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Crude Oil Price Uncertainties

Commodities / Crude Oil Jul 15, 2011 - 06:13 AM GMT

By: Seven_Days_Ahead

Commodities

Best Financial Markets Analysis ArticleThe Euro zone sovereign debt crisis had barely been quietened by Greece agreeing to the austerity terms of her second financial rescue, when traders turned their attention to the public finances of Italy.


FUNDAMENTALS:

The Euro zone sovereign debt crisis had barely been quietened by Greece agreeing to the austerity terms of her second financial rescue, when traders turned their attention to the public finances of Italy.

With the 2nd highest debt to GDP ratio in the Euro zone and 4th highest globally, it is surprising that Italy hasn’t been under scrutiny previously, but unlike Greece and Portugal and even Ireland, the Italian economy is broader-based and has a solid manufacturing base.

However, after Berlusconi criticised the austerity measures of his finance minister, traders became concerned about the sustainability of Italian public finance. Bonds rallied hard, stocks sold off and the Dollar strengthened against the Euro.

Gold too enjoyed a rally registering a new all time high as the other thorny issue worrying markets, the US budget deficit and lack of agreement about how to reduce it, risks pushing the US towards default. That is, unless the Congress and President can agree a plan to raise the debt ceiling.

But oil has remained well-supported during this period. Apart from being an essential commodity, it is also a risk asset and has tended to track the fortunes of the stock markets, since confidence in equities usually equates to optimism about economic growth and by extension demand for oil, so current price action is impressive.

The current worries concerning the Euro zone and US have growth implications, not just locally, but globally. 

If the Euro zone cannot come up with a plan that neutralizes and then corrects the debt problems of its member states, at some point the real economy will suffer. The weaker periphery cannot be expected to adopt ever-harsher austerity measures in exchange for aid that has the affect of crushing growth. And the richer countries like Germany will pobably refuse a situation that becomes a transfer union in all but name.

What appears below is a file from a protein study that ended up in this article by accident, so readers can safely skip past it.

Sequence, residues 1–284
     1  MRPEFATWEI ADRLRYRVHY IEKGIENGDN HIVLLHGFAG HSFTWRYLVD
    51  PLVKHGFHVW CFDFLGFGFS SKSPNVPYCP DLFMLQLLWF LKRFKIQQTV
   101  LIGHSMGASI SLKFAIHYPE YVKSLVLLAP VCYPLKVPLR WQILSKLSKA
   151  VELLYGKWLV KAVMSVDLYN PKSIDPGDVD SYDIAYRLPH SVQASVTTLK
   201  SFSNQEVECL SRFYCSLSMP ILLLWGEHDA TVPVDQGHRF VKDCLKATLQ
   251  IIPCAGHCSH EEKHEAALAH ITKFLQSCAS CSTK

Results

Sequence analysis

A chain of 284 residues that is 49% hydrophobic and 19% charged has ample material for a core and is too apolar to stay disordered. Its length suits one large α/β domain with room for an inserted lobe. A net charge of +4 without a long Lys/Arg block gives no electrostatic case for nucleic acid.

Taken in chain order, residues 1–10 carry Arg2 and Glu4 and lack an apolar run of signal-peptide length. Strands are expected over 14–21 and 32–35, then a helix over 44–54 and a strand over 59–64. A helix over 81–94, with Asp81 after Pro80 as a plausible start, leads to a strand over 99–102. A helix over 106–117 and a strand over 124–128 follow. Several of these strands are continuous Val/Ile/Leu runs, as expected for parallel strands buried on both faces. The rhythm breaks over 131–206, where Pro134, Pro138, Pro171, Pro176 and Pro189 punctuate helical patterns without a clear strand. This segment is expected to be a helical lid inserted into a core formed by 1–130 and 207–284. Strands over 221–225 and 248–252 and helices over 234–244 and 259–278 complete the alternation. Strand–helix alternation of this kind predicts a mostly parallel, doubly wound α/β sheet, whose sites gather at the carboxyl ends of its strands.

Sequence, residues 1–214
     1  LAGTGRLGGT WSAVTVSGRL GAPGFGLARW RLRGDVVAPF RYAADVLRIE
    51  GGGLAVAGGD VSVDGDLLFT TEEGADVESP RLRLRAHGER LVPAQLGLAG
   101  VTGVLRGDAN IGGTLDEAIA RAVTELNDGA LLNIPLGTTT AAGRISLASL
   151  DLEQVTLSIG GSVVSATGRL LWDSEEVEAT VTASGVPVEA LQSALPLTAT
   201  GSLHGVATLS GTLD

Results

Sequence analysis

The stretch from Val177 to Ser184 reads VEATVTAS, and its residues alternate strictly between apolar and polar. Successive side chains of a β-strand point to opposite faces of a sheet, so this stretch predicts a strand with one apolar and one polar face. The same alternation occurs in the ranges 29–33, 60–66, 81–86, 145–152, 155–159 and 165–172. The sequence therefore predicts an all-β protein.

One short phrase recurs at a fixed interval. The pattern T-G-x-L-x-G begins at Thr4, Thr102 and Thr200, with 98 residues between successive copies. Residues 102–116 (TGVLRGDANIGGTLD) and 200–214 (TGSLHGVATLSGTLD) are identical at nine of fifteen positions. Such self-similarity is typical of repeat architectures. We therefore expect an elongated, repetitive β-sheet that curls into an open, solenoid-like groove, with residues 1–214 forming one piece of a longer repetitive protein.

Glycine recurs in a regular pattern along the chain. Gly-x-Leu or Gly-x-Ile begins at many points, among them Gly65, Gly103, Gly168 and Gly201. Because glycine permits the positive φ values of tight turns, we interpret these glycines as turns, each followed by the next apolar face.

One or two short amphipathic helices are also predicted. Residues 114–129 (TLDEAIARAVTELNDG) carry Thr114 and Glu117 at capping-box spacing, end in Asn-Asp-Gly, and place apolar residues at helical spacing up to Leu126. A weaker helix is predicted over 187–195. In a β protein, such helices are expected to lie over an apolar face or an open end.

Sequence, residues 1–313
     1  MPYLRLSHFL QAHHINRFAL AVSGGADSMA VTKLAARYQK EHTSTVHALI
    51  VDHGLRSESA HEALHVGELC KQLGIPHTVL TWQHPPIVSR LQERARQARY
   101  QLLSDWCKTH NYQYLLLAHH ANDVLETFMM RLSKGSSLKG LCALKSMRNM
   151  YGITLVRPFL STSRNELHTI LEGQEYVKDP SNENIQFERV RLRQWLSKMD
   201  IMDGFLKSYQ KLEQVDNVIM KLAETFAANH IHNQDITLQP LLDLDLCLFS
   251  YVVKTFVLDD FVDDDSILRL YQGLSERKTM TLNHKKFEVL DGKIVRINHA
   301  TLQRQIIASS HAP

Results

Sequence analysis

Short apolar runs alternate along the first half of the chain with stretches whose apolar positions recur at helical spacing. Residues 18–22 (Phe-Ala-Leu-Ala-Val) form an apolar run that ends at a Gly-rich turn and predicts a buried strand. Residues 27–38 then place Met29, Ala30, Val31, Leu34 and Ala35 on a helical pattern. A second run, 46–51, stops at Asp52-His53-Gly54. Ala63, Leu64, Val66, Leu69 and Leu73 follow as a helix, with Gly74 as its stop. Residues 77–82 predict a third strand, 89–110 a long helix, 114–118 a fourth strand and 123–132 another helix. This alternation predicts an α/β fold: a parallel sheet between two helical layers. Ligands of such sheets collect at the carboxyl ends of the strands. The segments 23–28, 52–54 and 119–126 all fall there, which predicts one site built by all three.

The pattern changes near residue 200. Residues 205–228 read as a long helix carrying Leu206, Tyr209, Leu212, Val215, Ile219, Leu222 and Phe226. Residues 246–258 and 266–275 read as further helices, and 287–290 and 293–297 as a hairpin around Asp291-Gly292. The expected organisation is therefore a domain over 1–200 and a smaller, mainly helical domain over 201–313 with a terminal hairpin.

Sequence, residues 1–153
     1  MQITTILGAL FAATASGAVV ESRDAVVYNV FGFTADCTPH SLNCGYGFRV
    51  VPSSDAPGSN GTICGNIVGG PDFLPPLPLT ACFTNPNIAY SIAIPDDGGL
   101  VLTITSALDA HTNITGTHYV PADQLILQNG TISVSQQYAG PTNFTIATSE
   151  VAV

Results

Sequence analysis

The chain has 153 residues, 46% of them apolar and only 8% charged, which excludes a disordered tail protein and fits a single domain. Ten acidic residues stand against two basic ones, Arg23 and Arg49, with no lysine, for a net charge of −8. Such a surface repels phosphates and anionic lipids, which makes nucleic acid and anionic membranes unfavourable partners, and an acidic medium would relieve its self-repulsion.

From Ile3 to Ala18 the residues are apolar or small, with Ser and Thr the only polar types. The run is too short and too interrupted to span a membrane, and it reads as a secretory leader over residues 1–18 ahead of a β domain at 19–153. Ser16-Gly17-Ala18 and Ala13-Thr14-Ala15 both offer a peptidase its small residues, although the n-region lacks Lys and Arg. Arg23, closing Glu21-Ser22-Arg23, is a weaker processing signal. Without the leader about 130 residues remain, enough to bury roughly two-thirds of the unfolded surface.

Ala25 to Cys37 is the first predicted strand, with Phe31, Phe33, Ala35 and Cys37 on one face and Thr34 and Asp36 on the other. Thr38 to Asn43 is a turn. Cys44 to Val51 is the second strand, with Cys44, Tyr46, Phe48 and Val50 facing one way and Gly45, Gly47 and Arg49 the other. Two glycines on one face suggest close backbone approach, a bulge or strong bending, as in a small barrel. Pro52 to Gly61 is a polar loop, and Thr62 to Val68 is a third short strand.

But even if the Euro zone gets to grips with its problems, should the US fail to agree a plan that lifts the Federal governments debt ceiling, the US will be in default. For a country that borrows vast amounts daily that would be a mistake and a disaster. Once investors lose confidence in the credit worthiness of a country like the US that has for years been the back bone of the global economy, the repercussions would be truly global.

The US would struggle to finance herself at acceptable yields and would probably have to adopt strict austerity measures.

Global markets could be thrown into turmoil. Just think of the size of China’s foreign currency holdings that are mainly in Dollars and largely invested in US Treasuries… add to that India and the oil-exporting states and there could well be a move to divest from US assets on a scale that would create a financial crisis beyond anything so for experienced.

With these risks so very real, it is surprising to see how well oil has held up. Clearly traders have confidence in the Euro zone and US authorities ability and basic common sense to reach a solution that avoids the worst-case scenario.

Moreover, the likes of China and India continue to record strong growth; China’s current growth rate is 9.5% and that is considered a slowdown, so oil has some independent demand. 

So looking beyond the current crop of difficulties it is easy to see why oil is a long-term bull market, but getting from the short term to the long term isn’t a trouble-free path.

The Euro zone Sovereign debt crisis has been running for well over a year and we doubt the authorities there really grasp what needs to be done and if they do, political will is lacking.

In the US, policy makers and legislators seem to forget that the US has new global challengers creeping up; China, and India. The US used to be seen as the consumer of last resort; the US sold Treasuries to surplus countries to fund her lifestyle, the surplus countries needed somewhere to invest, but that relationship is slowly being eroded, a US default would likely cause a fatal rupture.

So although oil has held up well so far, what would be the reaction if:

1.the US failed to raise her debt ceiling,
2.the rating agencies slashed the US credit rating,
3.US bond yields soared, and
4.the US was forced into making deep spending cuts.

The US economy would likely go into a deep recession and US military power would decline. Old certainties would vanish and the world economy would be forced to adjust, meaning oil prices would collapse.

Can this happen? It’s in the hands of the Euro zone and more important, US authorities.

Mark Sturdy
John Lewis

Seven Days Ahead
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© 2011 Copyright Seven Days Ahead - All Rights Reserved
Disclaimer: The above is a matter of opinion provided for general information purposes only and is not intended as investment advice. Information and analysis above are derived from sources and utilising methods believed to be reliable, but we cannot accept responsibility for any losses you may incur as a result of this analysis. Individuals should consult with their personal financial advisors.

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